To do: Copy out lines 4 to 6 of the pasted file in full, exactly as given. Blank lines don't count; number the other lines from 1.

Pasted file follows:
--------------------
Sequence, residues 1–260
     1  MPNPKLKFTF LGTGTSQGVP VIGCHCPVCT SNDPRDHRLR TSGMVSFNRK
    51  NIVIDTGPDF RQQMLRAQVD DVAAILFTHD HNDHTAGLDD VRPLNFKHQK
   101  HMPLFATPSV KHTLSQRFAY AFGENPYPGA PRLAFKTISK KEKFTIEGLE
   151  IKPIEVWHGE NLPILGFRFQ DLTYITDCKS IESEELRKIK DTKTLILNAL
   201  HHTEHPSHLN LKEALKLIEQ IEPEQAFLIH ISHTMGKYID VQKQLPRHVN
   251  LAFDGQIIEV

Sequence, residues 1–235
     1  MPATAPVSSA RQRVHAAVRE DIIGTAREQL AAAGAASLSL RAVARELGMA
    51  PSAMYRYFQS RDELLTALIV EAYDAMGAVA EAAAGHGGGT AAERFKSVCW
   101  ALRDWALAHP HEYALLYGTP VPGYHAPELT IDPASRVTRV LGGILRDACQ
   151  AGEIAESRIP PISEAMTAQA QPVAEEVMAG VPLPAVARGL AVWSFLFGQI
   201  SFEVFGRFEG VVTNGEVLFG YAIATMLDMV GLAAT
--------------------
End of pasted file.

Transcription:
   101  HMPLFATPSV KHTLSQRFAY AFGENPYPGA PRLAFKTISK KEKFTIEGLE
   151  IKPIEVWHGE NLPILGFRFQ DLTYITDCKS IESEELRKIK DTKTLILNAL
   201  HHTEHPSHLN LKEALKLIEQ IEPEQAFLIH ISHTMGKYID VQKQLPRHVN